Why does that display like a Wordpress page when it is in Dropbox ? I dropped Dropbox because it is not compatible with my computers and because they did away with the simple "Get Public URL" which would take a browser directly to a file and in fact could be used to host webpages, which I did. Small, but pages with links nonetheless.




Here's a V -209 and a V-302. Not much to them:

https://elektrotanya.com/hitachi_v-3.../download.html

https://elektrotanya.com/hitachi_v-2.../download.html
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That might help. Looking at three of them can get you some insight into the engineer's head.

I will do that tomorrow. Right now I am pretty well inebriated.

No, actually drunk.

Tomorrow. owe I thinkI amaboutto get themunchies.

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On 19/03/18 19:37, Mike Coon wrote:
In article , lid
says...

I think I paid £5 around 1963 for a Cossor 3339 (or maybe 339) from Z&I
Aero in Tottenham Court Road. It weighed a ton and I never did get it to
work.


Was that the one with the sloping top part of the front panel, like a
Mansard roof (or something)? I remember Z&I Aero too, though I don't
think I would have visited London much in the early 1960s, beyond
school-leaving interviews...


Not as far as I remember. Picture of 339A he
http://www.thevalvepage.com/testeq/cossor/339a/339a.htm

Manual he
http://www.vmarsmanuals.co.uk/archive/4869_Cossor_339_Oscillograph_Manual.pdf

Being a Londoner, I could spend quite a bit of time in Tottenham Court
Road (and Lisle Street). There were quite a few "government surplus"
shops selling WWII stuff, including some USA Tx and Rx units. I
remember buying something with acorn valves; IIRC, a BC-624 VHF Rx. This
was for 100 - 156MHz (or should I say Mc/s in old money?!). It was
bought to scrap; at the time I couldn't even find out what it needed to
operate, other than it had a socket marked "dynamotor".

Not much surplus around in the UK now, although a year or so ago I got
an ex-Vulcan Green Satin ground radar doppler unit as a Christmas
present for a Vulcan enthusiast. I wonder where it had been stored since
it was scrapped in 1984? No semiconductors, by the way - just submin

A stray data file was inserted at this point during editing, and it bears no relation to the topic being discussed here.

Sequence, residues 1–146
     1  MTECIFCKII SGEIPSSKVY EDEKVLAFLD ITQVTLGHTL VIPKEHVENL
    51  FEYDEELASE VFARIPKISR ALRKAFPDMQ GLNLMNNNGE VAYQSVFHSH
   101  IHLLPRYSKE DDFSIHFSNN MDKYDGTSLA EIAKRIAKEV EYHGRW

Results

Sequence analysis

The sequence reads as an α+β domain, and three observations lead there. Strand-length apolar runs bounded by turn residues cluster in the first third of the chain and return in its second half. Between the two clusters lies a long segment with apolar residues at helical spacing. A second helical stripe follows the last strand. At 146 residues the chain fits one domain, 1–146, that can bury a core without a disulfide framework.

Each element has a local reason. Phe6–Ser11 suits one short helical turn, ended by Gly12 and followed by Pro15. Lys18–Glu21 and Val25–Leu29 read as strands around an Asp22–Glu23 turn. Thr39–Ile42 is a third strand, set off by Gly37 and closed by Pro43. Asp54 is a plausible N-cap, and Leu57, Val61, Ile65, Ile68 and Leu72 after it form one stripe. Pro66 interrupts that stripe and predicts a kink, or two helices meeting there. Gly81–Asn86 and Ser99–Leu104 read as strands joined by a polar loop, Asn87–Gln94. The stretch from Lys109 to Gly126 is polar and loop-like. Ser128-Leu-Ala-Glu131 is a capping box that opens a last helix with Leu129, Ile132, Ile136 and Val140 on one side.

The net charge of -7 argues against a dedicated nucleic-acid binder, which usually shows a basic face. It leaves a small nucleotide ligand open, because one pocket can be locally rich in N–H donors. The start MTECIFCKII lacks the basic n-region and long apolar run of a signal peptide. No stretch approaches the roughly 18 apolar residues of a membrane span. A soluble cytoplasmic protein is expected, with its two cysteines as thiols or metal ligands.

valves. No doubt better at surviving an EMP from a hydrogen bomb, but
would there be anywhere to land?

--

Jeff
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On Sat, 17 Mar 2018 20:46:09 -0700 (PDT), wrote:

Last but not least, those who say it is not worth your time, fukum. (well not really)

They have no idea what your time is worth to you.

They have no idea what your friendship is worth to you.

They have no idea what new knowledge and techniques are worth to you.

And, analog scopes are "the bomb" in contemporary vernacular. As you teach with one you slow down the sweep so they can actually see the trace move as you connect a battery, or a speaker output from an amp. I think the study of analog scopes should be mandatory in schools at least in the beginning when they learn the basics. If you can rig up simultaneous voltage and current sensing you can demonstrate reactance, power factor and all kinds of **** in real time. You can make them understand for real rather than just able to do the math. The young need this knowledge for all that is to come, and there is no better way to instill it. I will try to save almost any DC capable scope that has triggered sweep and a decent graticule.

I have a TEK 465B. When I was learning to use it I was really jazzed
when I watched the discharge of some capacitance in a CNC control I
was diagnosing. I don't know how well a digital scope would show that
as I have no experience with digital scopes.
Eric


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"Not sure if a more expensive one would do better or not
for this. "

I think it is a limitation of the design. Digital scopes simply are not the same.
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On Tuesday, March 20, 2018 at 9:14:44 PM UTC-5, wrote:
"Not sure if a more expensive one would do better or not

for this. "

I think it is a limitation of the design. Digital scopes simply are not the same.


That's crap. I can make my digital scope do anything an analog or storage scope can do, and much more, better, faster, and save the waveforms indefinitely. I can make it act exactly like an analog scope if I want, with much higher resolution, bandwidth, and I'm not limited to seeing one width of the screen. In every way including triggering, the digital scope is more sophisticated and capable. I frankly can't imagine a reason to go back and use an analog scope.
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'I can make it act exactly like an analog scope if I want,"

Oh yeah ? let's see the dot moving across the screen at 1 second per division and demonstrate it principle to students with a battery. I want to see it. A continuous dot moving slowly across the screen. I would bet a case of beer that you can't. Even a raster scan scope can't do it as far as I have seen.

Do you have a really special one ? If not, it will blip blip blip refreshing the display and will not give you the dot moving slowly across the screen.. If I am wrong, please supply me the make and model and I will reconsider and possibly retract.
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On Wednesday, March 21, 2018 at 2:33:51 AM UTC-5, wrote:
'I can make it act exactly like an analog scope if I want,"


Oh yeah ? let's see the dot moving across the screen at 1 second per division and demonstrate it principle to students with a battery. I want to see it. A continuous dot moving slowly across the screen. I would bet a case of beer that you can't. Even a raster scan scope can't do it as far as I have seen.